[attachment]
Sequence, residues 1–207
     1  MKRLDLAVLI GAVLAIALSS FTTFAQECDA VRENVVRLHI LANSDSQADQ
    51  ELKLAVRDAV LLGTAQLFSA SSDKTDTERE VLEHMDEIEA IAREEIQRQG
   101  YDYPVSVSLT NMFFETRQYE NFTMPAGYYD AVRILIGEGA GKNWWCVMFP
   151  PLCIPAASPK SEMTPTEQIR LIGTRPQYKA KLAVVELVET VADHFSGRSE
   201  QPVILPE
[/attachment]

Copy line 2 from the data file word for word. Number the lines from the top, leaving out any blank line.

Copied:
     1  MKRLDLAVLI GAVLAIALSS FTTFAQECDA VRENVVRLHI LANSDSQADQ